One of the key points mentioned several times through the discussion how teens are adept at creating spaces online where they feel comfortable.
Seen from a media production perspective, in context of becoming a YouTuber (YouTube video producer), Clark explained that there is no real competition “because today audiences can go anywhere” – in other words, the audience will find the content that resonates.
This also translates into how they engage online. Whereas previously teens would have had older role models (including magazine media brands), today they have “spaces” where they raise and discuss issues with their equals.
Brands within their sphere need to engage at their level. Authenticity as “a peer” is important. Teens are put off by brands that are too business-like, or communicate in too aspirational or idealistic tones.
“Girls in particular like something that feels realistic and similar to them, themselves. There is so much in media that’s way beyond them, which they cannot reach. That is why you have these YouTube stars. They’re their peers.”
Maya Dibley, publisher, Sugarscape and Company, Hearst Magazines UK
Earlier, in the session, Maya Dibley, publisher of Sugarscape, in a brief overview with 10 key points on Gen Z:
- Teens do not distinguish between websites and blogs, at all. “The competition is way beyond they brands you know and track.
- They are “super-sizing” certain millennial trends, such as entrepreneurialism. While there are similarities with millennials, there are also distinctions.
- They are desperate to be positive, “and they want to promote it to others.”
- Bloggers and Youtubers are losing touch when they come to be seen as “sell outs” to over-commercialisation. That said, there are opportunities for professional publishers provided they approach teens in the right way.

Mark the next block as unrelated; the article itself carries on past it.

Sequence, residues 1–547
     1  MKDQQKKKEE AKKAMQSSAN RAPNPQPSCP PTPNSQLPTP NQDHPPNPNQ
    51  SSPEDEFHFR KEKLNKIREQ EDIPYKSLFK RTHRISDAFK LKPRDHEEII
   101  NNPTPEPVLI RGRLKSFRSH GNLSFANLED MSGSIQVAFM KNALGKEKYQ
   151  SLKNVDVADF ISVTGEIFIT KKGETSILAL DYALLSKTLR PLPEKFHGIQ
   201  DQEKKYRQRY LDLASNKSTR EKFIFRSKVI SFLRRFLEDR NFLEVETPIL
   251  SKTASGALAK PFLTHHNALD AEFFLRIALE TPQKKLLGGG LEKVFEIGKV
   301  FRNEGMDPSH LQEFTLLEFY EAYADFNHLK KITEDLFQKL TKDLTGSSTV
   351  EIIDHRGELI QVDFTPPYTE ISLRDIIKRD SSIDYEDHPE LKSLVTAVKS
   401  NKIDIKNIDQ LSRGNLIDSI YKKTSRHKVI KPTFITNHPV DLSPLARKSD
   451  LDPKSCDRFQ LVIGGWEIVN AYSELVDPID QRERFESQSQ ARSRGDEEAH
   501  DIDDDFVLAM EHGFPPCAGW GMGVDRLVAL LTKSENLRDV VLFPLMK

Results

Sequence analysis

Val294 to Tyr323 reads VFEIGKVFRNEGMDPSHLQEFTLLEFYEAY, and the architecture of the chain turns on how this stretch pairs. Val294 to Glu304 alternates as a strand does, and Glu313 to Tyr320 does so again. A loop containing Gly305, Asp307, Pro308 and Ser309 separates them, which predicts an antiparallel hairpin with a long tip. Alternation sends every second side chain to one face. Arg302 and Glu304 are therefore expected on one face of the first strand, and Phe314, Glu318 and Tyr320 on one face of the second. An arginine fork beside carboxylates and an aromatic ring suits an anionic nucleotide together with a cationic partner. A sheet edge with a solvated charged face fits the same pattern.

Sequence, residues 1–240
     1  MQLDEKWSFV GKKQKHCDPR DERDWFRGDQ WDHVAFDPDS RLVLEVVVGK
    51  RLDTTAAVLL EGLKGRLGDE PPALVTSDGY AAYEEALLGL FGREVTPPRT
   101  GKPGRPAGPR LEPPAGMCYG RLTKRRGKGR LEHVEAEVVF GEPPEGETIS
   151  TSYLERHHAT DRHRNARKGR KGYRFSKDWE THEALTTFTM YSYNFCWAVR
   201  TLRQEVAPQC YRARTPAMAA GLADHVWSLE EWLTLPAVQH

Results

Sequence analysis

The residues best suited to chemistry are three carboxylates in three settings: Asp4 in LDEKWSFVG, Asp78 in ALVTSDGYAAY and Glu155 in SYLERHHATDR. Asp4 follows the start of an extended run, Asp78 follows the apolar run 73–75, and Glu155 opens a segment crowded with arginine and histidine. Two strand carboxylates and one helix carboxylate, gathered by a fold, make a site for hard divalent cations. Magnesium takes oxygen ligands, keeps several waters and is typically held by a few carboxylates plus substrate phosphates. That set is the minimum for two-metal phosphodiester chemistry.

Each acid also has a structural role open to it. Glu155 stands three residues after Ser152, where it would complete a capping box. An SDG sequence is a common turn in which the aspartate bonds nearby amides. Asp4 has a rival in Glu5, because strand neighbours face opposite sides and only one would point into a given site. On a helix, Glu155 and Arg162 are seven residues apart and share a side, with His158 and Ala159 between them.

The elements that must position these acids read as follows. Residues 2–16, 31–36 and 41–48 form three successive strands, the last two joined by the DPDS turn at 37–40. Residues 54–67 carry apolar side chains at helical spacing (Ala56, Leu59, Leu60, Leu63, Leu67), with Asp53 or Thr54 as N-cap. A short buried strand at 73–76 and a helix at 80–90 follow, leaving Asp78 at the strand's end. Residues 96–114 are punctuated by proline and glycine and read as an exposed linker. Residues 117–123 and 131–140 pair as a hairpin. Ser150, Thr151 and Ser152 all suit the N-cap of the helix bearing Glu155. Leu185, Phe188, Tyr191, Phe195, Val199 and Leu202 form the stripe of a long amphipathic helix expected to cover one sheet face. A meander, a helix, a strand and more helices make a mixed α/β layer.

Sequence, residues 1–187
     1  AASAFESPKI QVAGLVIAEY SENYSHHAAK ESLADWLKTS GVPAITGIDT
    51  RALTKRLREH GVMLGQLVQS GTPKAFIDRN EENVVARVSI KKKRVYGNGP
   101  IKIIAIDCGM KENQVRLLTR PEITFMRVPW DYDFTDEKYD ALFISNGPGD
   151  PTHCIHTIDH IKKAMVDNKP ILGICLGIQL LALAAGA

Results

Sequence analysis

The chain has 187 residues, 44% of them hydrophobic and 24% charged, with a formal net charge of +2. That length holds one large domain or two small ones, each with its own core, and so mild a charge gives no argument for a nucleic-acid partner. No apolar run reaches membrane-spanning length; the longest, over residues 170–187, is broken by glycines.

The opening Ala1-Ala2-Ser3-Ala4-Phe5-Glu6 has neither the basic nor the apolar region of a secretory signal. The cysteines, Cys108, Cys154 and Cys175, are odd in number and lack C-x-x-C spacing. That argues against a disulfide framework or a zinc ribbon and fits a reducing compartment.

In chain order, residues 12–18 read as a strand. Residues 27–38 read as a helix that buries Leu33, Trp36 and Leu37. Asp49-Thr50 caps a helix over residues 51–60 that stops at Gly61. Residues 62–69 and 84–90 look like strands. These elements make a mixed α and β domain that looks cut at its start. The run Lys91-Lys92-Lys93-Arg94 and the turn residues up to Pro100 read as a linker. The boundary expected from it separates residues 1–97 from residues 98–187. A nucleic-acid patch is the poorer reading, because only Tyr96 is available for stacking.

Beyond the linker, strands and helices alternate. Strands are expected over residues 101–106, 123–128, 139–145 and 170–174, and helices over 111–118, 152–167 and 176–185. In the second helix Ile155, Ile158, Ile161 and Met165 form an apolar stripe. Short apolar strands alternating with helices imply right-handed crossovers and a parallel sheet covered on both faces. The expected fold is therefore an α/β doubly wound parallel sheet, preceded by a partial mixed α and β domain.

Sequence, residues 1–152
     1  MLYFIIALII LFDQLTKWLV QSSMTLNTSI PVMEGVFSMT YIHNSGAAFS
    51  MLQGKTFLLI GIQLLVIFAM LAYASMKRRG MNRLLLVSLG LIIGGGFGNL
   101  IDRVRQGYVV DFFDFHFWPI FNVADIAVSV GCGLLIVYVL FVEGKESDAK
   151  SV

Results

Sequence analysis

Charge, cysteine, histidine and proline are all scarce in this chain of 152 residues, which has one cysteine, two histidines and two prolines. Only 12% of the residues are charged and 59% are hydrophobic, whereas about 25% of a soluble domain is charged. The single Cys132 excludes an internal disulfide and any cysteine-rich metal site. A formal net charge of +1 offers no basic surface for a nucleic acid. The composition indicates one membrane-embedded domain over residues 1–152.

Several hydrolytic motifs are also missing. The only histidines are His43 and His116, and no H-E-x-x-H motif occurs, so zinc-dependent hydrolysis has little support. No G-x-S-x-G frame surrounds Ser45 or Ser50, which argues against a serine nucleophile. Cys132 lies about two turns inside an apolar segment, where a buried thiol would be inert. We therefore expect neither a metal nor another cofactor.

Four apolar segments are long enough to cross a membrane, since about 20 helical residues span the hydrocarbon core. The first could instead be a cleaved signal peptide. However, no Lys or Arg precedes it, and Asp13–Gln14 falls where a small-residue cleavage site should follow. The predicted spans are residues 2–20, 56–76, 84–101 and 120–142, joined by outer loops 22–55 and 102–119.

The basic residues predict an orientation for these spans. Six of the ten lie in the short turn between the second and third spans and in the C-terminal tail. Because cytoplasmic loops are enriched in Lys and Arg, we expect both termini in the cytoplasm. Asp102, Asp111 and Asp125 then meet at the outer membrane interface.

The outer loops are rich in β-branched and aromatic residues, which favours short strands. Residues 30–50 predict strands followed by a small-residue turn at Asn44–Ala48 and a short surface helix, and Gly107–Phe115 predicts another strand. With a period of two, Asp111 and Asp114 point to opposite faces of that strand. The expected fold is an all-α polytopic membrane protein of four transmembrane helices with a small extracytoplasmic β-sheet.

- They have more spending power than you might think. In the UK, teens spend on average £156 per month on themselves. This may not be on a printed magazine, but there are other things magazine media brands can sell to them.
- They are products of today’s society, but that does not only mean “digital.” Tech play an important role in their lives, but is not the only thing that defines them.
- Teens care a lot about issues, but not about politics. “They are liberal and tolerant … and actively calls out negative people.”
- TV is still number 1, with shopping, reading books and films among other top activities. And 62 per cent of the TV viewing still happens live (in the traditional way), compared to 55 via streaming.
- It’s a peer-to-peer relationship. Teen brands are on equal footing with their audience. The brand is a peer, “it is not her older sister.” Here factors such as tone of voice are very important.
- 1They’re growing and changing every week. “No-one can wait for two years anymore before you do a brand refresh.” You have to be “completely on it” and one of the Sugarscape team’s “biggest jobs” is to keep on top of what is happening and, hopefully, what is coming.
Story by Cobus Heyl.
More like this